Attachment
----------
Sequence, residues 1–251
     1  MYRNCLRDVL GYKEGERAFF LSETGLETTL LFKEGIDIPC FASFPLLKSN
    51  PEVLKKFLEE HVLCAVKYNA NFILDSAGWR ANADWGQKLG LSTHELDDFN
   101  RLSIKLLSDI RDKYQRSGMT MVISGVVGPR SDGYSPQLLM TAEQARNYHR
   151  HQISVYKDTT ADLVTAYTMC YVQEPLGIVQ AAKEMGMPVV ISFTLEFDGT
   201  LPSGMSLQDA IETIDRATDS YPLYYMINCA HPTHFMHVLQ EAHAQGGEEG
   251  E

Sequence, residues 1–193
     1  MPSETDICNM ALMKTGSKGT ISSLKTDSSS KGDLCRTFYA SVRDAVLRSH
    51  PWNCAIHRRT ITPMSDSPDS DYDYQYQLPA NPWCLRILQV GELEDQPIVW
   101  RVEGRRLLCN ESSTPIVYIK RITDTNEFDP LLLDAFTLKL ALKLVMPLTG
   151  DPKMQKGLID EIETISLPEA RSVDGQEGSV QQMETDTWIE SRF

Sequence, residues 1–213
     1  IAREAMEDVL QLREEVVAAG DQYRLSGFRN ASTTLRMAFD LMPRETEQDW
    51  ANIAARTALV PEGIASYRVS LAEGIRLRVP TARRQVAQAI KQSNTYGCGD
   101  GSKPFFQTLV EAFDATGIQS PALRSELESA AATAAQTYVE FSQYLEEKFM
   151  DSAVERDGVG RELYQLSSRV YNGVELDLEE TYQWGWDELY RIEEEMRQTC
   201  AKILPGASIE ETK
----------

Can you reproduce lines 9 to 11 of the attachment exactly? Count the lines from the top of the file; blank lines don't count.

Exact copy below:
     1  MPSETDICNM ALMKTGSKGT ISSLKTDSSS KGDLCRTFYA SVRDAVLRSH
    51  PWNCAIHRRT ITPMSDSPDS DYDYQYQLPA NPWCLRILQV GELEDQPIVW
   101  RVEGRRLLCN ESSTPIVYIK RITDTNEFDP LLLDAFTLKL ALKLVMPLTG